The share market closed at a seven-week low as soft Chinese economic data pushed the dollar below 70 US cents and sapped buying interest in mining stocks.
The S&P/ASX 200 shed 85 points or 1.18 per cent. Today’s close was the weakest since mid-March. The index dipped briefly below 7100 before closing at 7121.
Bulk metal miners declined as Chinese trade data underlined the impact of Covid lockdowns on supply chains and factory output. Energy and select defensive sectors resisted the downtrend.
What moved the market
The share market added to three weeks of losses as weak overseas leads were compounded by signs of slowing growth in major trading partner China and souring US equity futures. Shanghai and Beijing reportedly tightened Covid restrictions over the weekend.
Growth in Chinese exports last month was the slowest since June 2020, according to customs data released today. Imports were flat as Shanghai, the world’s largest port, went into lockdown.
The trade figures continued a run of soft April Chinese data that helped send iron ore down almost 5 per cent on Friday. Copper hit a four-month low earlier in the week. ING announced a downward revision to its Chinese growth forecast, warning the Shanghai lockdown appeared likely to drag on until the end of the month.
The Australian dollar – seen by some forex traders as a proxy for commodity strength – fell as low as 69.96 US cents this afternoon, according to MarketWatch. Today’s low was the weakest reading since late January. The Aussie was down almost 0.7 per cent at 69.97 US cents in late-afternoon trade.
The ASX was already under pressure from Wall Street’s longest run of weekly losses in more than a decade. The S&P 500 fell 0.57 per cent on Friday to a fifth straight losing week. The Nasdaq sank 1.4 per cent to a two-year closing low. The Dow dropped 0.3 per cent, sealing a sixth weekly loss.
Negative US futures this afternoon underlined the sour mood. S&P 500 futures dived 45 points or 1.1 per cent. Dow and Nasdaq futures declined by at least 1 per cent.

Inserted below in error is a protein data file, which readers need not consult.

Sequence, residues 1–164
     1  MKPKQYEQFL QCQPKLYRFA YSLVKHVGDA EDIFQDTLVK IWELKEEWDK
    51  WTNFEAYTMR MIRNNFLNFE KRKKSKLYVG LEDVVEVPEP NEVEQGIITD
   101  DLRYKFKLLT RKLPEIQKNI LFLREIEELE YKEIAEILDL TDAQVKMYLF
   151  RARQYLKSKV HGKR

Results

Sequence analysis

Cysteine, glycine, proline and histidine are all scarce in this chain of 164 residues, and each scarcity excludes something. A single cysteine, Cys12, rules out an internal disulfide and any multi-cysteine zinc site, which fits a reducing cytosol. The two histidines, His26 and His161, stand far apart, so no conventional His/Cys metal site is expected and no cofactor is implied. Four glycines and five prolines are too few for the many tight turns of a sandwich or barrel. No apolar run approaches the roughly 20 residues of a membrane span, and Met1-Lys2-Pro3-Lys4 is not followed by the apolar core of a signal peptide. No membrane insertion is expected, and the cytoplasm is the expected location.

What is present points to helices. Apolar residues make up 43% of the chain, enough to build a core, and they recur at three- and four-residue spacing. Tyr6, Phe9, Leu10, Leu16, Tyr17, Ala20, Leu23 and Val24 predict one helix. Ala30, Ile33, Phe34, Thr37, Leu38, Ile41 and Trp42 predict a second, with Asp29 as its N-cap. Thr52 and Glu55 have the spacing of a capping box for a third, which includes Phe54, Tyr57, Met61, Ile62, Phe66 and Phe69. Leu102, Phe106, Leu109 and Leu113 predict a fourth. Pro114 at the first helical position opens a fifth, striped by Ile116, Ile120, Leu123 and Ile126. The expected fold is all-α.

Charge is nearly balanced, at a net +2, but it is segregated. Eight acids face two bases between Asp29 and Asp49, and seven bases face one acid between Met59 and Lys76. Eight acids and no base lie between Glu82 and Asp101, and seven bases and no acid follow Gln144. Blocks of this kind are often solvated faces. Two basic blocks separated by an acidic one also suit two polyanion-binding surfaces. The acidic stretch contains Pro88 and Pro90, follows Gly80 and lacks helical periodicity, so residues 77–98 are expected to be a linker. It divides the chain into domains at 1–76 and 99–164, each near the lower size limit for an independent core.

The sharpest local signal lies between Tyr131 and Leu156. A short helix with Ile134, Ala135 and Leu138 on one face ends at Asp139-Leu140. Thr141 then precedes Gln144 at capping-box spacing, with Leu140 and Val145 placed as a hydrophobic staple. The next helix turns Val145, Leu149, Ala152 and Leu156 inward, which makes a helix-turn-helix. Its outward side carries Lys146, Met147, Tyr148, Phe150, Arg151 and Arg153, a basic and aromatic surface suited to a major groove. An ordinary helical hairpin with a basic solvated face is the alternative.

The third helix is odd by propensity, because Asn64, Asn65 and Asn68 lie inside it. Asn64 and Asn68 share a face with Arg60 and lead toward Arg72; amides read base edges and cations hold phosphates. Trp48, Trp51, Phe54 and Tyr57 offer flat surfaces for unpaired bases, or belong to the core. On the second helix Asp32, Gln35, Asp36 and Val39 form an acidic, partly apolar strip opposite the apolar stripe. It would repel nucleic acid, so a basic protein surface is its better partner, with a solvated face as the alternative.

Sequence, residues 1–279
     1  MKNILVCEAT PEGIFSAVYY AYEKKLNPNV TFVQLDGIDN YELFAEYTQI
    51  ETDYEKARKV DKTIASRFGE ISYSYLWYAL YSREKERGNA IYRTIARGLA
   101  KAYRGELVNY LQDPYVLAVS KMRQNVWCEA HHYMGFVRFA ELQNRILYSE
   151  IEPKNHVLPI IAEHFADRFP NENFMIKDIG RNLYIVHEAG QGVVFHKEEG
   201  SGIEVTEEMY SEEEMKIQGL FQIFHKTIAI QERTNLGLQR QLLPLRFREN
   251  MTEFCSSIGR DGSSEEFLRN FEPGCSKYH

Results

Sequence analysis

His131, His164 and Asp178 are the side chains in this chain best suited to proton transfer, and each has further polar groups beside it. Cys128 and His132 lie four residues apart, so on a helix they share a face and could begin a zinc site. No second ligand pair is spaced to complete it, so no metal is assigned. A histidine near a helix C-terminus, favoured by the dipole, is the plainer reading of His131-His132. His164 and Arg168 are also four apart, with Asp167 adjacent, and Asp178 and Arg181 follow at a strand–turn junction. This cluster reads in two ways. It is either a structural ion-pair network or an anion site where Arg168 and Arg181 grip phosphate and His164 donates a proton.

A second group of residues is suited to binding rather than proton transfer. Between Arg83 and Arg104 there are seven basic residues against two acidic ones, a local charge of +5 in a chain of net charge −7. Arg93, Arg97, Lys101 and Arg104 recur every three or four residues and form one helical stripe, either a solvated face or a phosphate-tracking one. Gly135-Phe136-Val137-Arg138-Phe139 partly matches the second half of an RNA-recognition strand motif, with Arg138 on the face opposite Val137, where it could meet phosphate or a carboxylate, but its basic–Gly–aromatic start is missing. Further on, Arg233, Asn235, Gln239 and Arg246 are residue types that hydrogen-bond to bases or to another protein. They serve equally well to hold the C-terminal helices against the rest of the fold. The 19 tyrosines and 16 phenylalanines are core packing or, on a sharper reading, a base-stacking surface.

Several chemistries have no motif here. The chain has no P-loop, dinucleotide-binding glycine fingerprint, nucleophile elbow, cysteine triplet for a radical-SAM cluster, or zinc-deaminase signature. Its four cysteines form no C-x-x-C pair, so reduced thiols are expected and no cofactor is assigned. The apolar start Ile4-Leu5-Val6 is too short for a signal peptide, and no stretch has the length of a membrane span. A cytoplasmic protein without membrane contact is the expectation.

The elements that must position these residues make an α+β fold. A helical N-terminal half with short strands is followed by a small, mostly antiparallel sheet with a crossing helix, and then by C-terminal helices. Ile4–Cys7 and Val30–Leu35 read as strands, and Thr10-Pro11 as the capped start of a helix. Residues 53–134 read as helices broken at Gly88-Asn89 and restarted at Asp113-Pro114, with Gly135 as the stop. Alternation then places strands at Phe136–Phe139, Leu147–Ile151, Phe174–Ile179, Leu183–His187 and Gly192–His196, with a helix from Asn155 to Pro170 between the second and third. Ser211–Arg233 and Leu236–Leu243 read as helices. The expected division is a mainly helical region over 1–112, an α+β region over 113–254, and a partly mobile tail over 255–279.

The speculative end of the Australian market – a barometer of risk appetite – came under particular pressure. The S&P/ASX Emerging Companies Index skidded 4.05 per cent to an eight-month low. The Small Ords fell 2.9 per cent to a level last seen in February 2021.
Westpac was the pick of the heavyweights, rising 3.23 per cent as investors cheered an increased dividend and a sharp reduction in costs. The bank’s first-half net profit of $3.28 billion was up 63 per cent on the previous six months, but down 5 per cent on the same period last financial year.
Decreased costs and a reduction in bad debts allowed the bank to hike its interim dividend to 61 cents per share despite contracting margins.
“I’m pleased with our progress on costs which are down 27%, or 10% excluding notable items, compared to the second half of 2021. This includes a reduction in headcount of more than 4000 as we track towards our target of an $8 billion cost base by FY24,” CEO Peter King said.
The only sectors to resist today’s downtrend were energy, healthcare and consumer staples. CSL put on 0.84 per cent, Santos 0.37 per cent and Woodside Petroleum 0.61 per cent.
Havens to attract a bid included Woolworths +0.55 per cent and Coles +0.64 per cent. Domino’s Pizza rallied 1.98 per cent. Ramsay Health Care bounced 1.22 per cent.
Rate-sensitive growth stocks were once again the market’s whipping boys, continuing this year’s pattern. Novonix shed 12.31 per cent, Imugene 11.11 per cent and Megaport 8.56 per cent.
Magellan announced it was selling its 11.6 per cent stake in Mexican fast food firm Guzman y Guzman for $140 million to refocus on its core funds management business. Shares in the firm dropped 8.41 per cent.
Troubled gaming group Star Entertainment shed 0.99 per cent on news it was suspending its VIP rebate programs while it fixes issues raised during a NSW inquiry.
Aged care provider Estia Health eased 4.14 per cent after warning of a delay in recovering Covid costs. The company has applied for government grants to recoup additional costs imposed by Covid regulations, but slow processing times meant a “significant portion” would not be approved before June 30.
News Corp fell 8.83 per cent to a 16-month low in the wake of Friday’s poorly-received trading update.
A sharp end-of-week decline in bulk metals weighed on the major miners. Fortescue Metals shed 5.76 per cent, Rio Tinto 2.25 per cent and BHP 1.26 per cent.
The real estate investment trust sector slumped 4.2 per cent to an 11-month low amid speculation about the impact of higher rates. Goodman Group gave up 6.99 per cent, Cromwell Property 4.73 per cent and Growthpoint Property 4.52 per cent.
ANZ fell 3.18 per cent as its shares traded ex-dividend.
A tough session on Asian markets saw the Asia Dow lose 1.62 per cent, Japan’s Nikkei 2.46 per cent and China’s Shanghai Composite 0.5 per cent.
Oil retreated in volatile trade. Brent crude was lately down 14 US cents or 0.1 per cent at US$112.25 a barrel after trading below US$111 this morning.
Gold faded US$11.40 or 0.6 per cent to US$1,871.40 an ounce.